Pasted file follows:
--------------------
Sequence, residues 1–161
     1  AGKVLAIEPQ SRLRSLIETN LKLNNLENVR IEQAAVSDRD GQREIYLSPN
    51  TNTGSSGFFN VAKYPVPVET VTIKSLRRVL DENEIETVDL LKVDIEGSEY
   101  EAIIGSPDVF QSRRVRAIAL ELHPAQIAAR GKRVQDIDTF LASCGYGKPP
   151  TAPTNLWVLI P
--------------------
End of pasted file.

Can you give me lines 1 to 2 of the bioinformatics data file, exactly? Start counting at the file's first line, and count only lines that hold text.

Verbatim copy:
Sequence, residues 1–161
     1  AGKVLAIEPQ SRLRSLIETN LKLNNLENVR IEQAAVSDRD GQREIYLSPN